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Why Support Matters: Thwarting Data Loss Through Upgrading Windows

[This is a sponsored article written by IDG Creative Lab, a partner of PCWorld, and not by PCWorld's editorial staff.]

Still think your business can survive on Windows XP? Even if your PCs and apps are still chugging along for the time being, Microsoft will stop providing patches and bug fixes for XP as of April 8, 2014. That date is approaching faster than you think, and if you procrastinate too long, you’ll be putting your business and your customers at risk.

Imagine if you could no longer get parts or service for your company’s fleet of trucks -- and it’s pothole season. In this case, those potholes threaten to swallow not just worker productivity, but also company data. Without updates, Windows XP will become less and less secure, meaning you’ll have declining defenses against the newest crop of spammers, hackers, and other cyber criminals.

And consider the damage that could result from a security breach. Your customers expect you to keep their information safe, but if you’re running XP on outdated hardware, it’s anything but. What’s more, if a hacker cracks his way into your systems, he could steal or destroy vital company data. If you’re wary of the cost of upgrading, try operating your business without the files that make it go, or while someone else is taking control of your system. It only takes one incident to destroy your credibility, drain your bank account, or cripple your operations. 

The good news is that the latest versions of Windows offer vastly superior security and productivity features. Options for backing up, restoring, and encrypting in Windows 7 and 8 Professional are more advanced, more secure, and easier to use – designed to protect you against modern, sophisticated threats with minimal interruption to your workflow.

And if you have the budget to deploy newer hardware during your upgrade, you’ll lower your maintenance and IT costs at the same time. Equipping your business with SMB-compatible hardware armed with Windows 7 or 8 Pro, like HP’s Elite series laptops, will not only ensure the latest security updates and support options from Microsoft, but also boost office productivity by automating some of the drivers and patches you used to have to do manually. And thanks to solid-state drives that simply weren’t around in XP days, newer systems boot in seconds and load apps in a flash.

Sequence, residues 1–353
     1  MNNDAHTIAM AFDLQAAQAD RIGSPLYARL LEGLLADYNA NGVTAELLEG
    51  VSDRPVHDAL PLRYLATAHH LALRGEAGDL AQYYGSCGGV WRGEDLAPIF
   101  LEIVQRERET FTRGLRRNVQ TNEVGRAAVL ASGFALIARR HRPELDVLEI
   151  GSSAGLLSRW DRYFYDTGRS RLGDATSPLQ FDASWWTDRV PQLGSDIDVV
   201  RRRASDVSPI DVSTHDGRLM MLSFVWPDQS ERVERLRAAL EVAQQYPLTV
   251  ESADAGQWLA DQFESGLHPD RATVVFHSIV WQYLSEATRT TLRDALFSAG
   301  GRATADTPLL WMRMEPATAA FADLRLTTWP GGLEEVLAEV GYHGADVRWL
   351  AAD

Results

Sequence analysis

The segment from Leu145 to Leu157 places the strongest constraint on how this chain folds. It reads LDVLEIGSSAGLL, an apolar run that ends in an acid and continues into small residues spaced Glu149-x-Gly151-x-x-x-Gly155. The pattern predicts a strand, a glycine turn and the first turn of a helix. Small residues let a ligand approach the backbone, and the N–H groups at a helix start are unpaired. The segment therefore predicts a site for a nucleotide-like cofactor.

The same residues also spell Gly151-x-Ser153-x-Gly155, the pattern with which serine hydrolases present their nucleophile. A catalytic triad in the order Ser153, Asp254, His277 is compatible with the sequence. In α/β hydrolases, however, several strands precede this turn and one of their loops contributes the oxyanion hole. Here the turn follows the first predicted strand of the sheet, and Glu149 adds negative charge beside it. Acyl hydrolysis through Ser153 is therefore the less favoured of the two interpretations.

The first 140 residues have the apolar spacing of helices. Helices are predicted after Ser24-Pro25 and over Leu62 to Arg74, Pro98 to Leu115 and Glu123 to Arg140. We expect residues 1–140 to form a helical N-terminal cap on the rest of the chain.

Of course, hardware is the simple part. For most businesses, the real challenge lies in safely and efficiently migrating users, user data, and applications from XP to one of those newer versions of Windows. A DIY approach can work, but it’s a risky proposition: Even if you’re lucky enough to have a fairly savvy IT staff, they might not have the know-how to handle all the variables involved in such a major shift. Without careful attention, thorough backups, and proper procedures, data could get lost. Legacy apps might fail to run in the new environment. There could even be security holes left unplugged if your IT department doesn’t know to look for them.

If you’re hesitant to forge ahead on your own, you can always hire the pros. HP Migration Services serve up migration experts who can assess your software and systems, deploy image files quickly and painlessly, and provide user support and education after the fact.

Whatever migration option you choose, get started as soon as you can. Once Microsoft flips the switch to turn off XP support, your already vulnerable systems and data will become even riskier (and costlier) to maintain. It’s time to fill those potholes and update your fleet once and for all.

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